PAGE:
There are many recipes of savory or sweet pies in the medieval Italian manuscripts, prepared with meat, seafood, vegetables, cheese, and other ingredients. We find two kinds of pies, torta and pastello, whose main difference is the type of crust, described extensively in the Renaissance sources, whereas in the medieval cookbooks there are no directions about how to make them. Cheesecake is an ancient preparation. We find it in Greek and Roman sources, in particular in Cato and Athenaeus’ books, and in the past months we prepared few recipes from De Agri Cultura: savillum, libum, and placenta. There is an important difference between the ancient recipes and this one, written in the 15th century: the presence of sugar instead of honey. Sugar is a fundamental ingredient in the Middle Ages, used for any kind of preparation, not necessarily sweet. It was known in the Antiquity, as reported by Pliny, Dioscorides, and other authors, but its use became fundamental in the medieval cuisine. Another important ingredient is saffron, cultivated in the Mediterranean countries, included Sicily, but rarely used in ancient cuisine. Sugar and saffron make this cheesecake quite different from the ones described by Roman and Greek authors, giving the pie a delicious aromatic complexity. This recipe is part of a Latin cookbook titled Registrum Coquine, and it is oddly recommended by the author to pimps and prostitutes. Below, you will find the original text with our translation and the video of the recipe, with captions in English and Italian. Enjoy!If you like our contents, please support us on Patreon, where you find translations of historical sources and further articles.
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Ingredients 300 gr white wheat flour 400 gr firm cheese 3 eggs white cane sugar saffron
Method Grind the saffron in the mortar and steep it in warm water. To prepare the filling, cut the cheese and mix it with three egg whites, sugar, and saffron. Knead well the flour with two pinches of salt adding water a little at a time. Once you have reached a soft and smooth consistency, divide the dough into two parts, one bigger and one smaller. Roll the bigger part in a circular shape. Grease the pie pan with lard or butter. Lay the bottom crust carefully in your pie pan and fill it with the cheese mixture, cutting the excess part. Roll the upper crust the same size as the pie pan and seal the pie. Brush the pie with egg wash, then bake it in the oven for about 20 minutes. As soon as the crusts are cooked through, the pie is done. Serve warm or at room temperature.
Note about the method and ingredients The author does not specify how to prepare the crust of the pie, as common in the medieval Italian cookbooks. Luckily, torta continued to be a popular dish in the following centuries, so we find information in Renaissance sources, in particular Messisbugo and Bartolomeo Scappi, in which the crust of the torta is described as similar to lasagna: a thin sheet of pasta prepared with water and flour, in a few recipes, with the addition of eggs, rose water, and saffron. The upper crust is sometimes brushed with saffron or wash egg, as we did in our method. The author writes nothing about which kind of cheese to use. We suggest a firm cow or goat cheese, not excessively salty and with a good amount of moisture. Cane sugar was very common in medieval cuisine and it was available both white and brown, shaped in various ways. White sugar, without impurities, was considered the best. In this case, it is better to use white than brown sugar to obtain the beautiful yellow color given by saffron, another popular ingredient in the Middle Ages and beyond. It was cultivated in Italy and imported from Eastern countries to meet the high demand.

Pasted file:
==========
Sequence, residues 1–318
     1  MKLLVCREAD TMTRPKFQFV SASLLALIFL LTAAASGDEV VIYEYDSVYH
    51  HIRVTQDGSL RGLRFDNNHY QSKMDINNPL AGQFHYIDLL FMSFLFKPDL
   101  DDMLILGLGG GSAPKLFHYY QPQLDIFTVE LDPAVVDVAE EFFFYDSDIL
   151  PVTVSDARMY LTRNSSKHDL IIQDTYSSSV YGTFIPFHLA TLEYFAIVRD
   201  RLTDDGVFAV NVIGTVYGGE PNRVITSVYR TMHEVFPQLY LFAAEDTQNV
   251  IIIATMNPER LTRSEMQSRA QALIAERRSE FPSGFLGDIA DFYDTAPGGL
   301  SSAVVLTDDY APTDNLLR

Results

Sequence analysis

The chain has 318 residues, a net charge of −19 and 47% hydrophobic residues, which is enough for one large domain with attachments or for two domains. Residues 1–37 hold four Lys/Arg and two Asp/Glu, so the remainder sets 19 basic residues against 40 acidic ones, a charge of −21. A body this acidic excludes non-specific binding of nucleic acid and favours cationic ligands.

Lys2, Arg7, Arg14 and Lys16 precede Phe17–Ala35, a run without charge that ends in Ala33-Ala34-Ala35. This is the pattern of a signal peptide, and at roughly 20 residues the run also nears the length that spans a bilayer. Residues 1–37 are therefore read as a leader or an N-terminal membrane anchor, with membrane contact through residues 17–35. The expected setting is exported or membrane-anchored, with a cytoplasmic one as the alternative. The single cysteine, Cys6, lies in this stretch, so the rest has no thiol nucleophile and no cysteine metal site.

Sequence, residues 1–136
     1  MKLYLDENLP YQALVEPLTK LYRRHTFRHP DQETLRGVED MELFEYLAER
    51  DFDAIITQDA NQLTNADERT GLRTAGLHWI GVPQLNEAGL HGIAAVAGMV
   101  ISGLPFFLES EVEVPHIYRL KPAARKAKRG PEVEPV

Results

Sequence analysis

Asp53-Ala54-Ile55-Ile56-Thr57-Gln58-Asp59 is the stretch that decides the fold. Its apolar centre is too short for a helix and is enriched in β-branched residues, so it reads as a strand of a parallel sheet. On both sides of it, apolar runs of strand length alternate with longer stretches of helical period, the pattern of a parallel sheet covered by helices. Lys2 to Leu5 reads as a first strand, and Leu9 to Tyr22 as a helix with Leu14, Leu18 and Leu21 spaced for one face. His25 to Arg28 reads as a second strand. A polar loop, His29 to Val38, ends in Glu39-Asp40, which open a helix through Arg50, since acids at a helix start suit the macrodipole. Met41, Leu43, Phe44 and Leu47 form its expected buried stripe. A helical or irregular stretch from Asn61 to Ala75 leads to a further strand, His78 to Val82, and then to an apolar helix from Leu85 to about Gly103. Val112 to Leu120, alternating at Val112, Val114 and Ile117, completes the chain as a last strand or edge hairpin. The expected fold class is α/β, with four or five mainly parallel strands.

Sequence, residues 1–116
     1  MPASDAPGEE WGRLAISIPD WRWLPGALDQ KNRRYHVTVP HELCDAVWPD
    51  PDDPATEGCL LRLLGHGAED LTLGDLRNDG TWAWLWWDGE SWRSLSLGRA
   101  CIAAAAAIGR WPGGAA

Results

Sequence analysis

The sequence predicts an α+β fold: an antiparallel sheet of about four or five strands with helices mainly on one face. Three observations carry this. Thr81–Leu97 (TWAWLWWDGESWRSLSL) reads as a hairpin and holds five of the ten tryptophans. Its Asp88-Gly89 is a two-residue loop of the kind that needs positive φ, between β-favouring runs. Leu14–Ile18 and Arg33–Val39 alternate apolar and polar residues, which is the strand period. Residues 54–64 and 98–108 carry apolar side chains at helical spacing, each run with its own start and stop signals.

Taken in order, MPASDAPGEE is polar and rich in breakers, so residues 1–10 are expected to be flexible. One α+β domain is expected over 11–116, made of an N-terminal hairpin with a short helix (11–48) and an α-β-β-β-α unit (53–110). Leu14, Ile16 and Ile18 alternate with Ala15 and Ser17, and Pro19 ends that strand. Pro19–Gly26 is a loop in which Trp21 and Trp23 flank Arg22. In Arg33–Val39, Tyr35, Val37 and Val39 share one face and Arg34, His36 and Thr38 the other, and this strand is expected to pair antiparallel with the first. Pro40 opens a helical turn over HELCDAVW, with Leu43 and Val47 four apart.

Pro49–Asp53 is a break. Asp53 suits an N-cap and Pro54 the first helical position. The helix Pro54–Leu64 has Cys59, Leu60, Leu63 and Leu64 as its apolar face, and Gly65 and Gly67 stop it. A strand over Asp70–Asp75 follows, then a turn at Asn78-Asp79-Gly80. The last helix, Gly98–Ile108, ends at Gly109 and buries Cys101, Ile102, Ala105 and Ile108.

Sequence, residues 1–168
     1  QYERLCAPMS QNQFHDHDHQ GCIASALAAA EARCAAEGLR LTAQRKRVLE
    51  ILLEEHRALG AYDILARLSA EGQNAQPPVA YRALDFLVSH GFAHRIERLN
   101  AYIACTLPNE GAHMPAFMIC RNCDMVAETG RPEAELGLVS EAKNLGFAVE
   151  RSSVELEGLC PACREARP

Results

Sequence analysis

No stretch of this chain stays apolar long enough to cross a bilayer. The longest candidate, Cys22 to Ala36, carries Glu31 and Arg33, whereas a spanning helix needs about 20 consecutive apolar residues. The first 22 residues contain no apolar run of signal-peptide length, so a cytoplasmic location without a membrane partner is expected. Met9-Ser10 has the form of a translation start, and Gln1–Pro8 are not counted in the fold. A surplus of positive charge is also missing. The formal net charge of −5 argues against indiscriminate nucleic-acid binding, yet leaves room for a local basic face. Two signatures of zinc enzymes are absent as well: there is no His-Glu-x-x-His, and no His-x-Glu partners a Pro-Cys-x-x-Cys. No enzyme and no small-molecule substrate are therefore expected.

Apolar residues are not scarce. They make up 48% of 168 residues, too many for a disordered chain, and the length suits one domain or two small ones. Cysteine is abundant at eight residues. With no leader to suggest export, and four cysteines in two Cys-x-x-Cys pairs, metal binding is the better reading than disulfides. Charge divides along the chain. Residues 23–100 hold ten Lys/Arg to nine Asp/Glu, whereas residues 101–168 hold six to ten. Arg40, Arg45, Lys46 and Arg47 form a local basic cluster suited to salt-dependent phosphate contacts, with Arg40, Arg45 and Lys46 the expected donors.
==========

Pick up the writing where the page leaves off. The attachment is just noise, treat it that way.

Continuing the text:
Original text Ad faciendum tortam pro rusticis lenonibus et eorum meretricibus. Recipe caseum frustrum unum, cum albumine ovorum, zucharo, et croco, et pone illa in pastam subtilem, et fac paulatim coquere donec indurescat. Et hoc valde lente. Et erit bonum pro rusticis lenonibus et mulieribus eorum.
Translation To prepare a pie for peasants, pimps, and their prostitutes. Take one piece of cheese, egg whites, sugar, and saffron. Place it in a thin crust and make it cook a little until it hardens. And this at low heat. And it will be good for peasants, pimps, and their women.Patreon Medieval Recipes Playlist YouTube Channel Books Ancient Roman Cooking. Ingredients, Recipes, Sources Translations of Historical Sources Opusculum de Saporibus by Mainus de Maineris (14th century) Registrum Coquine (first part) by Johannes von Bockenheim (15th century) Appendicula de Condituris Varis by Johannes Damascenus (8-9th century) Recipes Drunken Pork – Early Medieval Pork Stew VIDEO Medieval Monk’s Stuffed-Egg Soup VIDEO Medieval Apple Pie VIDEO Medieval Onion Soup VIDEO Medieval Gnocchi VIDEO Medieval Lentils and Mustard Greens VIDEO Medieval Chicken Soup – Brodo Granato VIDEO Medieval Turnip Soup VIDEO Medieval Beans and Bacon VIDEO Medieval Prawn Pie VIDEO Medieval Foxtail Millet Polenta and Spit-Roasted Goose VIDEO Medieval Blancmange VIDEO Medieval Peasant’s Beef Stew VIDEO Medieval Peasant’s Leek Soup VIDEO Medieval Quail Stew with Coconut VIDEO Medieval Chicken Pie VIDEO Medieval Green Ravioli VIDEO Medieval Walnut Bread VIDEO Medieval Lasagna VIDEO Medieval Lamb Stew VIDEO Medieval Quails with Sumac VIDEO Medieval Sweet and Sour Sardines VIDEO Medieval Trouts with Green Sauce VIDEO Medieval Clams VIDEO Medieval Sea Bream VIDEO Medieval Roast Lamb with Green Sauce VIDEO Medieval Chicken with Fennel Flowers VIDEO Medieval Fried Fish VIDEO Medieval Tripe VIDEO Medieval Red Mullet Soup VIDEO Medieval Roast Beef with Arugula Seed Sauce VIDEO